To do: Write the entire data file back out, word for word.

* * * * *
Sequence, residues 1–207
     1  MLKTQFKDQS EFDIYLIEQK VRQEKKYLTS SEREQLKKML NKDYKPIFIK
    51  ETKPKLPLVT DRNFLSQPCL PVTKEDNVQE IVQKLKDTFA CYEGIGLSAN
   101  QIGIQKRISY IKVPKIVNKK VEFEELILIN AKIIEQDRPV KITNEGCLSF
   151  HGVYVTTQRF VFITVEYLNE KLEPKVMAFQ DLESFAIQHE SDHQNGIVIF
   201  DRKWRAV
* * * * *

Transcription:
Sequence, residues 1–207
     1  MLKTQFKDQS EFDIYLIEQK VRQEKKYLTS SEREQLKKML NKDYKPIFIK
    51  ETKPKLPLVT DRNFLSQPCL PVTKEDNVQE IVQKLKDTFA CYEGIGLSAN
   101  QIGIQKRISY IKVPKIVNKK VEFEELILIN AKIIEQDRPV KITNEGCLSF
   151  HGVYVTTQRF VFITVEYLNE KLEPKVMAFQ DLESFAIQHE SDHQNGIVIF
   201  DRKWRAV